Curiosity was imperative for me to be able to just show up side-by-side these folks and have a conversation that could create an opportunity for connection. To me, curiosity is kind of a secret weapon to help me act like I have the business before I have the business. When you’re curious about the gaps in the lives of the people that you want to serve or lead, you can identify those gaps and close them—sometimes before they even see them!
I think curiosity really unlocked the career that I’m in now, relative to speaking and our training company. Through curiosity, I began to see, in many ways, the common denominator between a coach, a big league guy, a tour player, a broadcaster, or a hall of fame rocker. They did different things, but the way they showed up in the world was very similar. Matt Kuchar and John Smoltz are more similar than different, right? I began to see that these top performers approach life in a very similar way. As I made these observations, I thought, “I’ve got a book in this. There’s something here that could help other people.” I’ve been blessed with this unique lens that I think can help others, so I wrote a book in the spirit of doing that, which began a domino effect that led to speaking, writing, training, and all of the things that we do in the world now.
Is there anything that you wish you had been more curious about?
I was a good student in high school, but not a great one. School was always hard for me, and I had to work pretty hard in school, which I liked to do, thankfully. I ended up performing really well in college, academically, but I still had to work hard to do it. I graduated with a communications degree, but I think the thing I wish I was a little bit more curious about earlier in my career was the nuance of business—the operational side of any business, or the financial side of a healthy business.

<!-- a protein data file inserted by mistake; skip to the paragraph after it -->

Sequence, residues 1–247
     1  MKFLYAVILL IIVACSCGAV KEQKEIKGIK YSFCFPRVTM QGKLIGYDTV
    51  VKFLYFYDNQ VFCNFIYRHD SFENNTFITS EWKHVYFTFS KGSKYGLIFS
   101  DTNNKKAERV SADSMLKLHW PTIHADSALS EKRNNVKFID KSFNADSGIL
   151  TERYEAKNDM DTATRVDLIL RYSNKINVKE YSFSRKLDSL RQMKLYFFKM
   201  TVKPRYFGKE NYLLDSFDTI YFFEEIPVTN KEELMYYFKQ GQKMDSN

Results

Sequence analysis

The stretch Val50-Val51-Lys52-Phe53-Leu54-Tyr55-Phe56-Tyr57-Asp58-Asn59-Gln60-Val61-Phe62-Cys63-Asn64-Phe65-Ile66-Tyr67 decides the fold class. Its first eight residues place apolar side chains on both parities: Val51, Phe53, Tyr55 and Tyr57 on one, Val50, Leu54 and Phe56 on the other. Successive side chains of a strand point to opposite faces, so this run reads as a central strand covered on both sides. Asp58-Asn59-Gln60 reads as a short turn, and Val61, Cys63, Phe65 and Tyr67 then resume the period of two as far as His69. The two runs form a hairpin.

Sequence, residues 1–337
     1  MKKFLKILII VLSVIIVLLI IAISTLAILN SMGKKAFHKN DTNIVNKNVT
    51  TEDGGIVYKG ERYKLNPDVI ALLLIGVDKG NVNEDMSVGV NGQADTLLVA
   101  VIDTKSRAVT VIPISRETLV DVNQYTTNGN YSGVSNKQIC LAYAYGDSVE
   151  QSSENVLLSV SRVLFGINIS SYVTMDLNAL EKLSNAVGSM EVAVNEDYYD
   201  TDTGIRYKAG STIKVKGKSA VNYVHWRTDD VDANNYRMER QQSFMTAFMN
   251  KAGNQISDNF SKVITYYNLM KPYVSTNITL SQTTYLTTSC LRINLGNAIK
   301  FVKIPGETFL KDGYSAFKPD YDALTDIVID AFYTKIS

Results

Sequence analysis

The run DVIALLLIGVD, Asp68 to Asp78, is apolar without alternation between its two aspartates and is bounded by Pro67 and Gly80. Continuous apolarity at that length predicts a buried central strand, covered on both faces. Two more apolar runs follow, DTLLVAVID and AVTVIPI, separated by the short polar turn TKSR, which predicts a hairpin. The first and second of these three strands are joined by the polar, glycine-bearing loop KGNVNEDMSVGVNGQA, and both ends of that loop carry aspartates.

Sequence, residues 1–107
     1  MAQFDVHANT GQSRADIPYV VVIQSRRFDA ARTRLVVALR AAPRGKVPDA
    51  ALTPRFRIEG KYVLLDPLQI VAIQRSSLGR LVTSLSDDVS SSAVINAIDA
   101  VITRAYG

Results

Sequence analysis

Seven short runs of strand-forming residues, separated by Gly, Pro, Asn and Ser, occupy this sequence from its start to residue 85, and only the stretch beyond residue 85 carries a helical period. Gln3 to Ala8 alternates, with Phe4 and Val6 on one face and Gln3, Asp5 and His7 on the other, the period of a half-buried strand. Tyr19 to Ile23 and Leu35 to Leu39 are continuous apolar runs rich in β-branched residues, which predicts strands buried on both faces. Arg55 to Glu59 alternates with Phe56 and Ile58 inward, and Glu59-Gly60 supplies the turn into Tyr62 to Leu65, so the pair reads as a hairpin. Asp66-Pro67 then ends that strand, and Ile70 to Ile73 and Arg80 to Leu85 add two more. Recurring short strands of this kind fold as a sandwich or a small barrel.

I don’t have an M.B.A, and I think that if I could rewind the tape, understanding and consuming more of that business-side of content would have been a helpful thing for me. Now, I’m grateful to be in an organization called YPO and have unbelievable folks that I lean into that have really been my “M.B.A” and helped me learn a lot of things. Also, my husband is a finance guy and closes that gap for me and supports me relative to his knowledge. But in my 20s and 30s, I wish I’d been a little bit more curious about all of the things that you need to learn relative to business, operations, finance, and all of the important verticals inside of an organization.
Hailed as the “female Jerry Maguire” by CNN, Molly Fletcher made a name for herself as one of the first female sports agents. During her almost two-decade career as President of CSE, Molly negotiated over $500 million in contracts and represented over 300 of sports’ biggest names, including Hall of Fame pitcher John Smoltz, PGA TOUR golfer Matt Kuchar, broadcaster Erin Andrews and basketball championship coaches Tom Izzo and Doc Rivers.
As a World’s Top 50 Keynote Speaker, she delivers her inspiring message to audiences around the world. She is the author of five books, including The Energy Clock and Fearless at Work, and her latest TED Talk, “Secrets of a Champion Mindset,” has more than one million views.
Molly is the founder and host of the Game Changers with Molly Fletcher podcast, where she interviews experts and celebrities in every field including Arthur Blank, Dabo Swinney, John Mackey, Matthew McConaughey, Priyanka Chopra Jonas, and Simon Sinek.
Molly recently launched her first on-demand course, Up Your Game, to help people unlock their drive and up their game. Her company Game Changer Performance Group helps clients unlock peak performance through training experiences on Energy, Negotiation and High Impact.